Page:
“We greatly appreciate Mayor Briley’s commitment to a vibrant network of parks and greenways that will enrich and improve our quality of life in Nashville,” said Monique Odom, director of the Metro Parks Department.

In 2017, Mayor Megan Barry’s administration sought public-private partnership proposals to redevelop the stadium into a mixed-use property that was ultimately awarded to the Cloud Hill Partnership. Following months of procedural delays, the Barry administration ended plans for private development after an archaeological review found considerable undisturbed soils, which the historic record indicates could contain the remains of slaves and freed African-Americans who were impressed into building Fort Negley.

“While the Cloud Hill proposal could be a great idea on another property in Nashville, the highest and best use of this site is to restore it to a historical park that can be enjoyed by Nashvillians and visitors alike,” said Mayor Briley. “I am grateful for all of the Nashvillians who have expressed a passion for doing just that and who will lend their voices and support in the coming months to make this vision a reality.”

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Southeast Conservative Breakfast Club meets Sat. -17-18. Guest speaker Ralph Bristol

When: March 17/2018. Breakfast begins at 8 AM. Meeting called to order at 9 AM.
Where: Shoney’s on Thompson Lane. At the intersection of Nolensville Road & Thompson Lane.  Who: Guest speaker will be Ralph Bristol. Ralph Bristol is the host a popular local conservative radio talk show.

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Monday, March 12, 2018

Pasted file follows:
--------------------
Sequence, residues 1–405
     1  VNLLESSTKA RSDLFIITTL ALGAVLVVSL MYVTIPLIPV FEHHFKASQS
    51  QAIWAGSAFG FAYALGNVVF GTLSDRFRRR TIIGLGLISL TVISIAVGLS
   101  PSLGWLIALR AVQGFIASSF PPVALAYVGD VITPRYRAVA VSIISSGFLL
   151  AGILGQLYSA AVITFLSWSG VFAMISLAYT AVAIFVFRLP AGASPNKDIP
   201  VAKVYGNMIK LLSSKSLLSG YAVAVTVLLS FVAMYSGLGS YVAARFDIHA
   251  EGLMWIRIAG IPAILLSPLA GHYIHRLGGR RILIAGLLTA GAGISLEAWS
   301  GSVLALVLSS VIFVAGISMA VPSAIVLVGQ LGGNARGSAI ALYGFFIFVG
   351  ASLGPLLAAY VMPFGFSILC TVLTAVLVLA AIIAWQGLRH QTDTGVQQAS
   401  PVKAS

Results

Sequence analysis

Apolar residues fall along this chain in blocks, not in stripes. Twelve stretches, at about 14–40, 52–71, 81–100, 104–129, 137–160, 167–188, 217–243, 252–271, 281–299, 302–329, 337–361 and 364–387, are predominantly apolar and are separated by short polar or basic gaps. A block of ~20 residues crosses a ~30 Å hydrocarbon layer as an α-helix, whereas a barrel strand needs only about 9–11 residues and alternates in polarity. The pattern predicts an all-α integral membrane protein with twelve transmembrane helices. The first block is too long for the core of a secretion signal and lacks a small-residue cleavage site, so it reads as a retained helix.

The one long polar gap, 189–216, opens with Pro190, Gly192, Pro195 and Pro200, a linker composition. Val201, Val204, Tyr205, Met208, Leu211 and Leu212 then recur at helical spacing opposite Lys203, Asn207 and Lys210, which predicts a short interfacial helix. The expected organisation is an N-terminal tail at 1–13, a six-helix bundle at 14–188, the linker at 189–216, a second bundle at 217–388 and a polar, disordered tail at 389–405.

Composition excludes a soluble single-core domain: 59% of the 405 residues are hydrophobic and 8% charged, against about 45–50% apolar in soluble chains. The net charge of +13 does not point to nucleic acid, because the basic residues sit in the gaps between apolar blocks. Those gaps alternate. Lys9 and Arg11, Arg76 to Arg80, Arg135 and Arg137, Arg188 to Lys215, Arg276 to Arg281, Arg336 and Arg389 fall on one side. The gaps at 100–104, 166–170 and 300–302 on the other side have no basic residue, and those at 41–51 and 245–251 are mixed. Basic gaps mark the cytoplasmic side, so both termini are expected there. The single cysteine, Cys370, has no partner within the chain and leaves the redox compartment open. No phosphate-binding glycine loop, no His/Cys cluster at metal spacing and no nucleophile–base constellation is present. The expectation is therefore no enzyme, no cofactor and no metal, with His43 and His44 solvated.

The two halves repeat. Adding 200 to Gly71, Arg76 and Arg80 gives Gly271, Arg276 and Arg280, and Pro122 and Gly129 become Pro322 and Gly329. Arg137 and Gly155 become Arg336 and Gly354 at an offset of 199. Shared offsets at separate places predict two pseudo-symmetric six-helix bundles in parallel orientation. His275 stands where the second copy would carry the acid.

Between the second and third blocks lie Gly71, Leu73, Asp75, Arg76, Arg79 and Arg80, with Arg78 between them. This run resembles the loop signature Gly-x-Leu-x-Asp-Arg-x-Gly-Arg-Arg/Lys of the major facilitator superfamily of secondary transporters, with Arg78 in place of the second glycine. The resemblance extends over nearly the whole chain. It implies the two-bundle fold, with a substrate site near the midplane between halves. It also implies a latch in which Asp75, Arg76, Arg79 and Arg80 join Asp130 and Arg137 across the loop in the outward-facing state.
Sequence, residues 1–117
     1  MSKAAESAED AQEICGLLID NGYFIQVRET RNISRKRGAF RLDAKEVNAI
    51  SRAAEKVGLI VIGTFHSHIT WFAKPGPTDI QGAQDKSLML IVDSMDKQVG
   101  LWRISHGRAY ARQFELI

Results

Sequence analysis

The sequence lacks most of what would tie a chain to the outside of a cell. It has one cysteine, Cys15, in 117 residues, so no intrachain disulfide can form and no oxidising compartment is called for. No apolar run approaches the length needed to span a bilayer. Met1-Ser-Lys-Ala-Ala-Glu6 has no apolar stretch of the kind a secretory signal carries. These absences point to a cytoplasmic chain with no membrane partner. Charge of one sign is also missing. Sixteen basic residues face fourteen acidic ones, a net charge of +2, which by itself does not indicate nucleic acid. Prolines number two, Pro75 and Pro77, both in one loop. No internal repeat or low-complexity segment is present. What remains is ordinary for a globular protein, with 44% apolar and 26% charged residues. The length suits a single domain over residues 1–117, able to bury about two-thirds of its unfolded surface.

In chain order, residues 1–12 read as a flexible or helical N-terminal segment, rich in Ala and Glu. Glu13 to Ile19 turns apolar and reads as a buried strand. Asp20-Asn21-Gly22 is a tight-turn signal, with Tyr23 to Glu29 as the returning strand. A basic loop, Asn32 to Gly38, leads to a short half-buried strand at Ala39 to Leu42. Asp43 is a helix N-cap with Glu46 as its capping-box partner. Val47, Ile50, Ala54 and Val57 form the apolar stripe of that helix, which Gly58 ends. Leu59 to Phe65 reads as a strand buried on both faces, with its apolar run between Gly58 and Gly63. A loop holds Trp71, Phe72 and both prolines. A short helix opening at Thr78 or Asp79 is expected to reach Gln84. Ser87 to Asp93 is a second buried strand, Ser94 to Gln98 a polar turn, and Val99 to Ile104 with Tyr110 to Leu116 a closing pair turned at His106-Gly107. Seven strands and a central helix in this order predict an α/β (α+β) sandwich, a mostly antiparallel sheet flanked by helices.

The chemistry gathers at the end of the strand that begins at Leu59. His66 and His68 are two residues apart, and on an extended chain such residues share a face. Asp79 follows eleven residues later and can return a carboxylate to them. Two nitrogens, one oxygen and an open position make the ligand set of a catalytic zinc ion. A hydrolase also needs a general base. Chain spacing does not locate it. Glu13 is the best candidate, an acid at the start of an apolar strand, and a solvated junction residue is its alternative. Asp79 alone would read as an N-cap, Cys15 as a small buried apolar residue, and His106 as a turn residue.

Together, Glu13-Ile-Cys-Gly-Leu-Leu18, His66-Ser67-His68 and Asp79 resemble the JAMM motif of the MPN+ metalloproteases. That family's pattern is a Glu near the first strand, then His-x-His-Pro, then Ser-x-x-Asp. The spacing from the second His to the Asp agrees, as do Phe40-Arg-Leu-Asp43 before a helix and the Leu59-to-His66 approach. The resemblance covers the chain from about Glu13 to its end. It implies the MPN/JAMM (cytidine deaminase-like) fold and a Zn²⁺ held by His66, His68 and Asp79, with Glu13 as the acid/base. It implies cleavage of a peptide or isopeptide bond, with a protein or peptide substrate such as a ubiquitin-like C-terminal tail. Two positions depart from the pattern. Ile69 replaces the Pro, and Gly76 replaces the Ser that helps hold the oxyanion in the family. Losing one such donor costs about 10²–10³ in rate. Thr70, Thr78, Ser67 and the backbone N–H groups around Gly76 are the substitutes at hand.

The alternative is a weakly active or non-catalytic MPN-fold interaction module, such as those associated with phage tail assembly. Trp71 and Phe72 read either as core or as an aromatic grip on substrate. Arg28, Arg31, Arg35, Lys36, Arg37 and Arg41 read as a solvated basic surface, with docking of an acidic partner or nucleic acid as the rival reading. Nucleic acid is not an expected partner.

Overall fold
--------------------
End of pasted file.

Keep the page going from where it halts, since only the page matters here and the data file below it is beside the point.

Sen. Mark Green's sanctuary cities bill in committee Tuesday. It needs to pass.

SB 2332 to be heard in the State & Local Government Committee

Press Release, CLARKSVILLE, Tenn. – Senator Mark Green’s legislation to strengthen
Tennessee’s laws prohibiting sanctuary cities will be heard in the State & Local Government Committee tomorrow. This bill is introduced as sanctuary cities across the country are harboring criminals from the reach of federal law enforcement.
SB 2332 prohibits state and local governments from creating sanctuary cities and prohibits any local governments that enact sanctuary cities from receiving any state funding. Additionally, the bill allow Tennesseans to submit complaints to the Attorney General and authorizes law enforcement to cooperate with federal officials to enforce immigration laws.
“Sanctuary cities are illegal and dangerous--and it’s time for us to take action to protect our citizens who honor the laws of our great state and nation. By adding teeth to our existing immigration laws, hopefully our state can prevent tragedies like what happened to Kate Steinle in San Francisco,” noted Senator Green.
Co-sponsors for SB 2332 include Senators Mike Bell, Janice Bowling, Ed Jackson, Bill Ketron, Mark Pody, Kerry Roberts, and Steve Southerland. The legislation is sponsored by Rep. Jay Reedy in the House.
Tennesseans interested in the hearing can tune in on the Tennessee General Assembly’s website. Below are the details:
Date: March 13, 2018
Time: 10:00 AM CT
Link: Livestream the hearinghere.
For more information on Senator Green’s bills, please visit:

Rod Williams' Comment: This bill needs to pass. There are no sanctuary cities in Tennessee at this time but there is a real danger Nashville could become one.  While Nashville does not inquire as to the immigration status of people who may have encounters with the police and while the city provides various services to residents regardless of their immigration status, this does not constitute being a sanctuary city. Sanctuary cities decline to cooperate with federal immigration officials outside of what is specifically required by law. When the police arrest someone, the arrest goes into a shared database. When the Immigration and customs Enforcement agency (ICE) sees a person of interest has been arrested, it will request local law enforcement hold the person for 48 hours to give, ICE time to pick up the person.  This is called a "detainer."  Sanctuary cities refuse to honor these request.  Nashville, does not do that.